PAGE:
Copyright © 2021 Albuquerque Journal
From the moment Milka Lolo was old enough to hold a pencil, she never stopped drawing.
Born and raised in Mexico City, the artist blends Mesoamerican creation myths tumbled with the portraiture of Frida Kahlo and the decorative patterning of the Austrian Symbolist painter Gustav Klimt. Lolo’s paintings can be seen at Santa Fe’s Keep Contemporary.
Lolo also sells her work at the weekend “el Jardin del Arte,” a well-known Mexico City art fair, drawing more than 400 artists across two parks.
In 2019, Lolo focused on the myths of varied Mesoamerican cultures – Aztec, Mayan, Omec – generating the slogan “The grain must die for the seed to be born.” With that, she penned her own version of the Mesoamerican genesis. With every catastrophe that hits us (the pandemic is an obvious choice), we have the chance to build a better world.
Lolo launched her largely self-taught creative journey at age 13. She later entered Mexico City’s Academia de San Carlos, where she began her formal studies.
“For me, the need for creation has always been something very natural, as much as breathing,” she wrote in an email.
The moment that solidified Lolo’s artistic path arrived in, of all places, a shopping mall.
“I passed by the fast food corridor and I saw a hiring sign that said among the requirements ’25 years old tops’ and I thought, ‘I’m too old for that’!” she stated. “So, getting a part-time job there, if things get too harsh, wasn’t an option any more.”
Now 33, she has been a full-time artist for 12 years.
Storytelling has always been a way to raise entire generations, passing on knowledge and wisdom acquired with age, Lolo wrote.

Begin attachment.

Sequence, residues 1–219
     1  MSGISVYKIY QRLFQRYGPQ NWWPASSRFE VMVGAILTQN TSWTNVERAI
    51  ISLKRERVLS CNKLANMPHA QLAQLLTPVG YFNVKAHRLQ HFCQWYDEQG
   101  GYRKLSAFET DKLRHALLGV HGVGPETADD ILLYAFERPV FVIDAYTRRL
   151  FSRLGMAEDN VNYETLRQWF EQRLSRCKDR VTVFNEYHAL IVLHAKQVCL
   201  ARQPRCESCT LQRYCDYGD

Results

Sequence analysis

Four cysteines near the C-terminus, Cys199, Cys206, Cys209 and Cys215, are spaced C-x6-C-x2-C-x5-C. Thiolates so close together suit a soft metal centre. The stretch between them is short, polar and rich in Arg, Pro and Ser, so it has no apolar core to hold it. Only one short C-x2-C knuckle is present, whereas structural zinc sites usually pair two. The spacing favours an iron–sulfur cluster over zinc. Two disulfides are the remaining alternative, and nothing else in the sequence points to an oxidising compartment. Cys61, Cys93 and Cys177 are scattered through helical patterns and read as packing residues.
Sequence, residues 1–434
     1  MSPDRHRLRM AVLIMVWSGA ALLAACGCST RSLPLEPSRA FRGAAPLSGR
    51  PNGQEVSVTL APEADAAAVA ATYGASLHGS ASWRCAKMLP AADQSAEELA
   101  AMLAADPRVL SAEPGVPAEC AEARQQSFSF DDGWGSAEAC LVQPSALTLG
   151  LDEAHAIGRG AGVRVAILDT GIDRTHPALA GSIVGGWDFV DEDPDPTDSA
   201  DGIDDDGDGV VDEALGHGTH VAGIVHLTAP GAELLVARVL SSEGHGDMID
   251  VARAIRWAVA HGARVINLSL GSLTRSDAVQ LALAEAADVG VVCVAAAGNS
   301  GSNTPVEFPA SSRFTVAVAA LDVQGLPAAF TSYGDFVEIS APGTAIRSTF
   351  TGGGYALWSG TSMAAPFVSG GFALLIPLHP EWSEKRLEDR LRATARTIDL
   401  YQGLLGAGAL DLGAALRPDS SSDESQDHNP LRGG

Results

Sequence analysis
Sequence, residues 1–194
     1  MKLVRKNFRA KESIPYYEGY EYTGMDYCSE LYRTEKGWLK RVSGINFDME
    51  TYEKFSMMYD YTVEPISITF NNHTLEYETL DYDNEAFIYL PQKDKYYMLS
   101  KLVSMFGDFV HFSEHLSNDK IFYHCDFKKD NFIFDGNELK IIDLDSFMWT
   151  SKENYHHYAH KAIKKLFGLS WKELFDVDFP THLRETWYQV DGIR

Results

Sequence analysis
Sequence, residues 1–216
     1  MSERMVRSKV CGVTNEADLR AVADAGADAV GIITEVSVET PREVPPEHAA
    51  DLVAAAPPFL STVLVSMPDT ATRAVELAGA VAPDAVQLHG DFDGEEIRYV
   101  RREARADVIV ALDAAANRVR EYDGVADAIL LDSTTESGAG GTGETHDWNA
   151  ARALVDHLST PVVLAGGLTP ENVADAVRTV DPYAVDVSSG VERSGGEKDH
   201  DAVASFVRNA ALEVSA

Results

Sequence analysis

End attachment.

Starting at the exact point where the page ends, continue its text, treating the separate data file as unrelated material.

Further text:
“I learned not to play with fire because of the stories of witches that I was told when I was a little girl, and this magical thinking made a huge impact on my way to perceive the world as a grown woman,” she explained.
“Each painting tells a story … I try to re-shape them into something more relatable, but still recognizable, so the stories I heard while growing up may still be passed on.”
“The Night Dwellers” depicts a pack of Xolos (hairless dogs) who, according to ancient beliefs, were supposed to guard and guide the souls of the departed through their journey to Mictlan (the land of the dead.)
“The Messengers” addresses Mesoamerican cosmology beliefs naming owls as carriers of the orders of the underworld lords to the land of the living. The character originates in the ancient belief that an owl’s song is an omen of death.
Lolo based “Journey to the Promised Land” on the pilgrimage the Aztecs made when they left Aztlan to find the land where the gods promised they would found their empire. The characters in the painting represent nahuales, magical beings capable of transforming into animals and communicating with the gods.
Lolo conjured both “Mayahuel” and “Coatlique” from the gods these civilizations worshipped. Both were associated with the cult of water and fertility.
Today, the artist is busy building her website and dabbling with digital arts. Keep Contemporary will host her Sept. 17 show “Dawnfall Gods,” exploring the ways ancient deities have transformed into myths, sayings or stones after the sun movement was born.
“The way that ideas, beliefs and faith have transformed themselves to remain embedded in the collective mind of people has always amazed me,” Lolo said, “Therefore, this will be a recurring subject on my upcoming paintings.”